Study objective: To characterize warfarin management in the emergency department (ED).
Methods: This was a retrospective, cross-sectional, observational study of patients who were receiving warfarin and were discharged from a tertiary care, academic urban ED between June and August 2007. We abstracted patient demographics, presenting complaint, international normalized ratio (INR) if tested, indication for warfarin if documented, new medications administered or prescribed in the ED, and discharge instructions. Presenting complaints were categorized according to whether they were warfarin-related and concerning for thrombosis or bleeding. The primary outcome measure was the prevalence of warfarin therapy. The secondary outcome measures were frequency with which ED providers obtained an INR result, response to nontherapeutic results, administration or prescription of interacting medications, and percentage of patients receiving recommendations for anticoagulation follow-up.
Results: Two percent (111/7,195) of all patients presenting to and discharged from the ED during the study period were found to be receiving warfarin. Seventy-one percent (79/111) had an INR checked. Nontherapeutic INRs were recorded for 49% (39/79) of patients; ED providers intervened to address these results in 21% (8/39) of cases. Seventy-one percent (5/7) of patients with a supratherapeutic INR received an intervention compared with 9% (3/32) of patients with a subtherapeutic INR. Seventeen percent (19/111) and 13% (14/111) of patients received or were prescribed potentially interacting medications, respectively. Recommendations for specific anticoagulation follow-up were documented for 19% (21/111) of all patients.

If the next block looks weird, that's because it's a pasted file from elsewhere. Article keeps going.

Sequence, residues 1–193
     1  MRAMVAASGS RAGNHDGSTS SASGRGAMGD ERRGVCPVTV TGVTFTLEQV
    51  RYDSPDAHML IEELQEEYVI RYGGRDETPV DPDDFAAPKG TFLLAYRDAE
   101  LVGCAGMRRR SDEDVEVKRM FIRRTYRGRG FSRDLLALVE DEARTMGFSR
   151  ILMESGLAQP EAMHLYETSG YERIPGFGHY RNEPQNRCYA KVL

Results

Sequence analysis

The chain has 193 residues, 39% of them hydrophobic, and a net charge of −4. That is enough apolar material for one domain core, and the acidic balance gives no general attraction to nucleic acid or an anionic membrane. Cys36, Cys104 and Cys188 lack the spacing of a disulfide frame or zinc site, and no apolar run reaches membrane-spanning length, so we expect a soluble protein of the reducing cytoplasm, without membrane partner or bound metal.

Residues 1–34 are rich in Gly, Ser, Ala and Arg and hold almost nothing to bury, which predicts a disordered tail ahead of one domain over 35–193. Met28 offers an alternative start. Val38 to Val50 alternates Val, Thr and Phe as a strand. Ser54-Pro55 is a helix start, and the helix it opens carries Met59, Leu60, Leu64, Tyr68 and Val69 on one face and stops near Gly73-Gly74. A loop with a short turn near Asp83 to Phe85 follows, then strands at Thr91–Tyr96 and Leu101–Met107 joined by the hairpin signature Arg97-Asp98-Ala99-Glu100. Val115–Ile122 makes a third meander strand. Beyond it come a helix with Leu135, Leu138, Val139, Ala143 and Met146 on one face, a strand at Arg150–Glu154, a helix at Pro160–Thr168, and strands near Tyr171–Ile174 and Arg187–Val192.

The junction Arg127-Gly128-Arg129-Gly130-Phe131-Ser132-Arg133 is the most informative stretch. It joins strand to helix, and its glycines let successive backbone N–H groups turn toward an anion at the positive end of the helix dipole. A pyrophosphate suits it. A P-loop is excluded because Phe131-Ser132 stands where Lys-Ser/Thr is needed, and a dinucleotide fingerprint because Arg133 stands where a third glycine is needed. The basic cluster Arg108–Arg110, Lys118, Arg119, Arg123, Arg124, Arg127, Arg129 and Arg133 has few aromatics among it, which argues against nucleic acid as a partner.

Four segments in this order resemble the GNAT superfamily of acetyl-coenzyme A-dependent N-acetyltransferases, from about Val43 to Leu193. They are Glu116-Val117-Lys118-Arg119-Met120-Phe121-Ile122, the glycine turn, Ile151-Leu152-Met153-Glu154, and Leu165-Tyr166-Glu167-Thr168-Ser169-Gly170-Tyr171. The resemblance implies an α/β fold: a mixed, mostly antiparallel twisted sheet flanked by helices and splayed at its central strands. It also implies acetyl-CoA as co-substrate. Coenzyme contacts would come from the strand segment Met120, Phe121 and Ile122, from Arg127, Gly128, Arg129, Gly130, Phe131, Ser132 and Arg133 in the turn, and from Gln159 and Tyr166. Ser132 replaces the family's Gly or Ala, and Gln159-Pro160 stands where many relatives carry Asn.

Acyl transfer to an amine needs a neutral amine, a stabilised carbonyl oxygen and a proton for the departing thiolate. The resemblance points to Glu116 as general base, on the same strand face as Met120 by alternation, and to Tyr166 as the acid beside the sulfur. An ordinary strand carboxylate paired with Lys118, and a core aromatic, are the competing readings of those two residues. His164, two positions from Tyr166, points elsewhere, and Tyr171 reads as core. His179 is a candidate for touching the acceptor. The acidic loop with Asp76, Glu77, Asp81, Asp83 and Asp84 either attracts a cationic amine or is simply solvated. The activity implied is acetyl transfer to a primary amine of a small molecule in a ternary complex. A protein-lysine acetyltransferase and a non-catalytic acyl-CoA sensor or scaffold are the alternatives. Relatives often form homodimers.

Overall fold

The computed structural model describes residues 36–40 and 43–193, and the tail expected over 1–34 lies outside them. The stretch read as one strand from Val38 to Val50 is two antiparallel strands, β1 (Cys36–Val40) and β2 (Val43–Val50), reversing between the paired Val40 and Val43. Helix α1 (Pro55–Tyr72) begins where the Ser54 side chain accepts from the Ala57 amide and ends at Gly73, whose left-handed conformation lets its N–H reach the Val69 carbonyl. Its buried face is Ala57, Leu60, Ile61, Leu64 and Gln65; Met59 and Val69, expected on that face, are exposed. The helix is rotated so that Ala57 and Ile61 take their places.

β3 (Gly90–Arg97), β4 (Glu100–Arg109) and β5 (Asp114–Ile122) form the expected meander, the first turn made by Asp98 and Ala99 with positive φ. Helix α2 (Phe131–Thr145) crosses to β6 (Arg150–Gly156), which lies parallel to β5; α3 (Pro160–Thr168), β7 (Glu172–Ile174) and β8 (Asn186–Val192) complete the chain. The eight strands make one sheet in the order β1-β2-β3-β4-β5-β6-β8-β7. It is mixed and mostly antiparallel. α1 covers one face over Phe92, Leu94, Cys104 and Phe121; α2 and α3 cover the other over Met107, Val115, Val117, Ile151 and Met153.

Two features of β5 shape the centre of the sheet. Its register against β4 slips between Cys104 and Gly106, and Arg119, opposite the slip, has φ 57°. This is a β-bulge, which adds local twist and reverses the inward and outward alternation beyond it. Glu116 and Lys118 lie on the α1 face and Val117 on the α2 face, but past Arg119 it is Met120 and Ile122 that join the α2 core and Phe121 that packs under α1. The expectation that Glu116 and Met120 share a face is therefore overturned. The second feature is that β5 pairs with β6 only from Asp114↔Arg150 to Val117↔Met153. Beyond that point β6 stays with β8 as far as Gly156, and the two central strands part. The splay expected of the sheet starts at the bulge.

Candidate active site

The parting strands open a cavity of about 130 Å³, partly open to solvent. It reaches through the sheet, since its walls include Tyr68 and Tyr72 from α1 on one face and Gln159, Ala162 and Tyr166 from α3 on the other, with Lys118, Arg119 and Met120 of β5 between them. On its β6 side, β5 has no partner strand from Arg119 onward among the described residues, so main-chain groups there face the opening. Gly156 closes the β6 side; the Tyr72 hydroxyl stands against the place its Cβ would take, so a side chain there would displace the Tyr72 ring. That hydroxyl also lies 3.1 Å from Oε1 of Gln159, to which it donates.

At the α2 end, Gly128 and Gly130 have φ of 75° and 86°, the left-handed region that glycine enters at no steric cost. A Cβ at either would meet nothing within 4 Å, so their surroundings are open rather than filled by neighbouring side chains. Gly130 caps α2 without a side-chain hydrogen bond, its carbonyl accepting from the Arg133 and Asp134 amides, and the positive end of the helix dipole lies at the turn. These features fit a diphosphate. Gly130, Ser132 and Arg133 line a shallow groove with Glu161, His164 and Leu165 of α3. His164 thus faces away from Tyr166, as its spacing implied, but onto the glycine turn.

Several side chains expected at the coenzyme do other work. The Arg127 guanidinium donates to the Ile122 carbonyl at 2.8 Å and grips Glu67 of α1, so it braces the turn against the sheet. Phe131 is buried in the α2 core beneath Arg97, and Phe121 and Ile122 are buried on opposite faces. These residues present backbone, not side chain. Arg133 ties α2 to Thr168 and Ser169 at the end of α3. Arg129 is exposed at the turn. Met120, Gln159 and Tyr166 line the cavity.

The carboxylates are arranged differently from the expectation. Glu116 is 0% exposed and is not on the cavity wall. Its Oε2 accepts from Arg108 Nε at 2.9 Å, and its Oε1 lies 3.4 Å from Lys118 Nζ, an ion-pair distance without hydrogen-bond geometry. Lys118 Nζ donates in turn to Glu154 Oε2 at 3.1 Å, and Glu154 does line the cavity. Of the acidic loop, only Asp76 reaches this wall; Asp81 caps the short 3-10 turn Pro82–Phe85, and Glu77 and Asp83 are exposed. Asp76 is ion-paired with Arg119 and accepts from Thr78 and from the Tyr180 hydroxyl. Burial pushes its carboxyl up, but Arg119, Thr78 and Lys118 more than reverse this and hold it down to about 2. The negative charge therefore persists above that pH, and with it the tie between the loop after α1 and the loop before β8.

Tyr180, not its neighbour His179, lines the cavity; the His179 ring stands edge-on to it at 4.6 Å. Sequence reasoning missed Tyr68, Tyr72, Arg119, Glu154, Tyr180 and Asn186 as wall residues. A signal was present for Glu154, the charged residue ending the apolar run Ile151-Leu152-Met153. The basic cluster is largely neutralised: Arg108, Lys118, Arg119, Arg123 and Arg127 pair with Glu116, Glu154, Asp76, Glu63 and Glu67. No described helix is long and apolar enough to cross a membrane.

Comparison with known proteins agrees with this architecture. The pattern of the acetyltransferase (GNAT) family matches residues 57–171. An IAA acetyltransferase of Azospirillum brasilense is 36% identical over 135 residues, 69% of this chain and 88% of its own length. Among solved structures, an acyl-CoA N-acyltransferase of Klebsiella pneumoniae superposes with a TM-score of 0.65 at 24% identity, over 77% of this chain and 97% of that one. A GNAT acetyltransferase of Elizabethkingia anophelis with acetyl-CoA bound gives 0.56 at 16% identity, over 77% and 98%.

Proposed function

Conclusion: Patients receiving warfarin frequently present to the ED and often have nontherapeutic INRs. Potential areas for improvement in ED management include greater attention to subtherapeutic INRs, interacting medications, and discharge planning.
Copyright © 2011 American College of Emergency Physicians. Published by Mosby, Inc. All rights reserved.